Nearly a month went by without any new posts, despite my recent statements about blogging in earnest. I found that teaching writing classes not only involved lots of time grading papers but also focused my interest on writing. I'm actually writing a lot in various journals and notebooks, but was not focusing in the short run on material I wanted to post here. Finally, in the month of July, I managed to resume my average of one post per day for the month. I plan to surpass that volume from here on out. What I post here, combined with my daily writing in journals, is mostly fine-tuning what I hope to publish in a memoir about my experiences in education as student, parent, teacher, supporter and critic.
Meanwhile, I am still available for guiding local nature hikes. Contact me at firstname.lastname@example.org to inquire about rates and parameters of time, distance, and personal needs regarding matters of health and fitness.
I have been teaching since 1965 and have recently joined the English Department as an Associate Faculty member at Feather River College. Recently taught Nature Literature in America and am currently teaching Interpersonal Communication and Basic Reading and Writing.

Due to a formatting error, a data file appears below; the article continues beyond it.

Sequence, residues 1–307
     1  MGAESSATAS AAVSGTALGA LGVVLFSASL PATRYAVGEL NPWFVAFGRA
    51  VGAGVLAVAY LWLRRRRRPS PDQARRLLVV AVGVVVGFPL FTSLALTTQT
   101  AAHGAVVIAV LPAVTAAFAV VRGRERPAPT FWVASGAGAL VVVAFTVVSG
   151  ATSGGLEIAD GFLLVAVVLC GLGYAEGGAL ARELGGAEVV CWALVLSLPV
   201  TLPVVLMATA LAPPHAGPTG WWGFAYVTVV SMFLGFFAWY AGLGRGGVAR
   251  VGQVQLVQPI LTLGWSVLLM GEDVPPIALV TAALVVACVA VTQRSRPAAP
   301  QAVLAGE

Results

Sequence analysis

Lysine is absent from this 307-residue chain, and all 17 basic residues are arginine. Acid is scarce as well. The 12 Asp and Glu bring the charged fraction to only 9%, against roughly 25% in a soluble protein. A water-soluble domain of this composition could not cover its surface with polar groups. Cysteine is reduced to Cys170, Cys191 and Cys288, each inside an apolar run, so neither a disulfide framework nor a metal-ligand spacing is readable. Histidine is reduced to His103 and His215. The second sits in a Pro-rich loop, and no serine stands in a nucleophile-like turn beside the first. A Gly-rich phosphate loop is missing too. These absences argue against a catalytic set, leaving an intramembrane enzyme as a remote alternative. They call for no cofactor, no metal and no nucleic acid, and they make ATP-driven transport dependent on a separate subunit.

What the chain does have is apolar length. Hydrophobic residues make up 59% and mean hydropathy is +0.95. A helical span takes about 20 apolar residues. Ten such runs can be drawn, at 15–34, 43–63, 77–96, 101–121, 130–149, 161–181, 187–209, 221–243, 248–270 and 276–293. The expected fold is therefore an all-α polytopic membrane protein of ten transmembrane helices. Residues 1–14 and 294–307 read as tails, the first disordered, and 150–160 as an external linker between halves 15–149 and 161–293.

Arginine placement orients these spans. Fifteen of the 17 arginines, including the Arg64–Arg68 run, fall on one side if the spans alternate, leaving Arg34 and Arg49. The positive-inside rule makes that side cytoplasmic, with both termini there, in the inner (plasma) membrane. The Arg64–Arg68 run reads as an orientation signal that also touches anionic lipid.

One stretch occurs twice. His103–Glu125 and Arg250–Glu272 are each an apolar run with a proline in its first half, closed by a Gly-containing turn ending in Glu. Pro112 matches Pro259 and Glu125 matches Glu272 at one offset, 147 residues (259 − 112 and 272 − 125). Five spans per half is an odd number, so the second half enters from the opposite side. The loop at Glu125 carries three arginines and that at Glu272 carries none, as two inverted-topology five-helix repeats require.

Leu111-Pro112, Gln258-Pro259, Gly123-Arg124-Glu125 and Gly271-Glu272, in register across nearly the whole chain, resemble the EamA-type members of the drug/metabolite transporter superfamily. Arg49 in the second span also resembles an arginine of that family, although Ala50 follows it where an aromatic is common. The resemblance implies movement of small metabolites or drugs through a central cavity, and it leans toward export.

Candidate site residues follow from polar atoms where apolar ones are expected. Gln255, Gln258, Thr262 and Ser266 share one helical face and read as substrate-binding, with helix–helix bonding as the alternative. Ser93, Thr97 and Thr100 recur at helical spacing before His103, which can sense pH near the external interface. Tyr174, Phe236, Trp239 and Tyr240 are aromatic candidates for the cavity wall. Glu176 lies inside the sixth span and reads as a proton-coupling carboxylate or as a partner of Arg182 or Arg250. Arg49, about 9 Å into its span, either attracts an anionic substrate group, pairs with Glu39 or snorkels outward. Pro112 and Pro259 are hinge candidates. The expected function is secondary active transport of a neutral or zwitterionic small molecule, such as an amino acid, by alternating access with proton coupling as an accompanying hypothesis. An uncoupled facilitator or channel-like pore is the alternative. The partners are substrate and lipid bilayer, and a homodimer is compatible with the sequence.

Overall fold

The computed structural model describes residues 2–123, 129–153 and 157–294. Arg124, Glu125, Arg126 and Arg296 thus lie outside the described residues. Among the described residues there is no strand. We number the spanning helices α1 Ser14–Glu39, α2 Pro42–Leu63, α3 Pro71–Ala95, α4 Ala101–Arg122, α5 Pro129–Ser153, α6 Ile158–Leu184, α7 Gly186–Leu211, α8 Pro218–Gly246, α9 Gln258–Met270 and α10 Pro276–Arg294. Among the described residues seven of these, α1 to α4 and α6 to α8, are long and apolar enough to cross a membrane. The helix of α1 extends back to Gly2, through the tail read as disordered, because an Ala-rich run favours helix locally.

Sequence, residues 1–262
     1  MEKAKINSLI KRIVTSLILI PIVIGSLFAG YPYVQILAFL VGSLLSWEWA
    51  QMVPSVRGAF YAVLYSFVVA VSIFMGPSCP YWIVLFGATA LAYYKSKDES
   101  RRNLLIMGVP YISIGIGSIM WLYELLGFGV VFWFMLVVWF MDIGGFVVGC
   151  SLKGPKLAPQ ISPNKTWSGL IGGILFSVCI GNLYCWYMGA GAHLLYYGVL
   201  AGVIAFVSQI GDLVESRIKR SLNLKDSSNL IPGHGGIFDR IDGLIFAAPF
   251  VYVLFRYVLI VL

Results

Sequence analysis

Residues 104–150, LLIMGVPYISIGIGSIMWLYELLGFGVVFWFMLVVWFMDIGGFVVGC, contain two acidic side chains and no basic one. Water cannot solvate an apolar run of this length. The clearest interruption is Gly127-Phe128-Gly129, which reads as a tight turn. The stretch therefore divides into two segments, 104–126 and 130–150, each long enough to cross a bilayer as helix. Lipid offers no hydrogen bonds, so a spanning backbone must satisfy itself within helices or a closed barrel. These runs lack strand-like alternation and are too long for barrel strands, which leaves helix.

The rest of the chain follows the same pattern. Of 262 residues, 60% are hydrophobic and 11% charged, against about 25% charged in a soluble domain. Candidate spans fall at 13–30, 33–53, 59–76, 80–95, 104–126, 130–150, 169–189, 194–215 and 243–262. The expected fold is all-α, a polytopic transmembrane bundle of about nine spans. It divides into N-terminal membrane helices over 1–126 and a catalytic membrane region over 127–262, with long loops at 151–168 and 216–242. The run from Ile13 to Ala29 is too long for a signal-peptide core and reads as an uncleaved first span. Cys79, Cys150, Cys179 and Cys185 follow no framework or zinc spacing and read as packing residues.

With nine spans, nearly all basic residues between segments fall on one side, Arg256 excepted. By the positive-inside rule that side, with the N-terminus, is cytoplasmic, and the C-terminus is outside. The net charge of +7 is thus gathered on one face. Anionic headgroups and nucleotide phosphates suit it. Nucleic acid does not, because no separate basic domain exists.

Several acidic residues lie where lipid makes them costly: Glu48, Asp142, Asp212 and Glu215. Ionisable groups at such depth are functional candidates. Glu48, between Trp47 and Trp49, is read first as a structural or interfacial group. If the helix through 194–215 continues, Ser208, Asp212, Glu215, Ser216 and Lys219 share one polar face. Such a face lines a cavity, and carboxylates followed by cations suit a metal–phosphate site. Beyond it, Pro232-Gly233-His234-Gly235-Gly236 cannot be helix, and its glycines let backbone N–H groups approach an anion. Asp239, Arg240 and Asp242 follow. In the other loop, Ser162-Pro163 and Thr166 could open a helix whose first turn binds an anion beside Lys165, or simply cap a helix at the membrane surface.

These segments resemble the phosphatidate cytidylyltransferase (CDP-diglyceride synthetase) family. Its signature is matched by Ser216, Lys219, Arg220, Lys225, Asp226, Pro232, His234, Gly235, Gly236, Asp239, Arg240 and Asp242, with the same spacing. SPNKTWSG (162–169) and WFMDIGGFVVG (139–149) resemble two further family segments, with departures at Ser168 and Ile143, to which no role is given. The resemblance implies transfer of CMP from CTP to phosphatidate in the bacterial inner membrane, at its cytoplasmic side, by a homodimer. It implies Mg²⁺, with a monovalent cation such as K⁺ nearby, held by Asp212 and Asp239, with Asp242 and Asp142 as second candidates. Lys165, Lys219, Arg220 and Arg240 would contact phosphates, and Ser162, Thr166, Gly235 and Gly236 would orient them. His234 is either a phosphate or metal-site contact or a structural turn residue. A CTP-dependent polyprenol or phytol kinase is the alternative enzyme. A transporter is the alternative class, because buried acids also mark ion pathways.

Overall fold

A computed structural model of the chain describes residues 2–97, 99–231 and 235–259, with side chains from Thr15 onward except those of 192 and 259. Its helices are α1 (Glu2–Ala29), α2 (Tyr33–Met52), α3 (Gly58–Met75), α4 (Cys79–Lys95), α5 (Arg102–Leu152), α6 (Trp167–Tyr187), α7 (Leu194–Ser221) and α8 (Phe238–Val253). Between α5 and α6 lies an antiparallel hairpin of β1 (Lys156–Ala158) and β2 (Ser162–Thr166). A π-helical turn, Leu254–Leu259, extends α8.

The big green water tank in Boyle Ravine is one of my favorite places to find interesting bugs and flowers. The afternoon sun heats up the thick green paint, and there is usually water around the base from slow leaks. The combination of available heat and moisture seems appealing to lots of insects. In this case, three poses of a spider plus one crane fly. Along the trail to the water tank I found many webs of Funnel Web Spiders. They're quite shy, and when I occasionally spotted a spider out in the open, it quickly disappeared into its funnel before I could take a photo. Next time I should bring a telephoto lens on this walk. Last, my wife spotted this nice little paper wasp nest on the trail. It's only about 2 inches in diameter, so it was probably under construction when it landed in the road from an unknown cause.